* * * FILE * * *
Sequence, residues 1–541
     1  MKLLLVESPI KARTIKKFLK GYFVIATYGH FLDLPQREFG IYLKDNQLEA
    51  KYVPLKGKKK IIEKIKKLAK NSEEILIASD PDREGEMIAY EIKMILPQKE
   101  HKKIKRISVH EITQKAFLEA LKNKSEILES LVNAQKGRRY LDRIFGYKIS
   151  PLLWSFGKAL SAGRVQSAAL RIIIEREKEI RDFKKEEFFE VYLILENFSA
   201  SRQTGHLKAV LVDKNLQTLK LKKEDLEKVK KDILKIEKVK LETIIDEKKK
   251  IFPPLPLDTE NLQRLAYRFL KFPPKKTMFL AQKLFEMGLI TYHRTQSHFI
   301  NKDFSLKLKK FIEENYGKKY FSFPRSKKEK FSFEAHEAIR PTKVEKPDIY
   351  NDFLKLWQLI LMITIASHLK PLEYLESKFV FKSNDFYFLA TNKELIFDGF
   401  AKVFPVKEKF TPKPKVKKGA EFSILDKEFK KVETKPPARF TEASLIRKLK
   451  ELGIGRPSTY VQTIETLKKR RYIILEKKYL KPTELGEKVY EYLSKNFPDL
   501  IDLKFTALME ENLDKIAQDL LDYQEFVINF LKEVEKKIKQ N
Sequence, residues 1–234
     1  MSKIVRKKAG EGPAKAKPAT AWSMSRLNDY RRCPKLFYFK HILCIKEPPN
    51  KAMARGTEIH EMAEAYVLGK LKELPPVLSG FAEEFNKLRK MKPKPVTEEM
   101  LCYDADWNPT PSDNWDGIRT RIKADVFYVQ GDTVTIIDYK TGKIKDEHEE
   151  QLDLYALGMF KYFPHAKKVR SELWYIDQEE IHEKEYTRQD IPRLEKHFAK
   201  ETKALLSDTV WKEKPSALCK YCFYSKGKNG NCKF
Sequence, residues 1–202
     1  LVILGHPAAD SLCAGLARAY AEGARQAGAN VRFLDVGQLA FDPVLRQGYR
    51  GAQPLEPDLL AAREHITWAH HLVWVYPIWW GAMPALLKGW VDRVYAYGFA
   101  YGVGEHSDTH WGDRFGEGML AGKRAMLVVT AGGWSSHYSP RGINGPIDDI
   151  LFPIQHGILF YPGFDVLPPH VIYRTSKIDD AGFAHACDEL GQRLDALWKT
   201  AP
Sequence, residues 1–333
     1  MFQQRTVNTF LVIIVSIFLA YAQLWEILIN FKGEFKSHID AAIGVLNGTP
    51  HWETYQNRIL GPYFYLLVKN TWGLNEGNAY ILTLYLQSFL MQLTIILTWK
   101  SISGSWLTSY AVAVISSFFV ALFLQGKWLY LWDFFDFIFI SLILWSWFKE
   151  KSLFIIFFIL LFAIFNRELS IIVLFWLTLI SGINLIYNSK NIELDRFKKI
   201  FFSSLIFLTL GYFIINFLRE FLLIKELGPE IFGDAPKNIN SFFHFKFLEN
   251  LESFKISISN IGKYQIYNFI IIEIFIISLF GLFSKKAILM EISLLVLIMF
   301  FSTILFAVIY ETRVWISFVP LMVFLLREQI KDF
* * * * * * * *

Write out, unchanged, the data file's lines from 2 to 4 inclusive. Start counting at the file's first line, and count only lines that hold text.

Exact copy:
     1  MKLLLVESPI KARTIKKFLK GYFVIATYGH FLDLPQREFG IYLKDNQLEA
    51  KYVPLKGKKK IIEKIKKLAK NSEEILIASD PDREGEMIAY EIKMILPQKE
   101  HKKIKRISVH EITQKAFLEA LKNKSEILES LVNAQKGRRY LDRIFGYKIS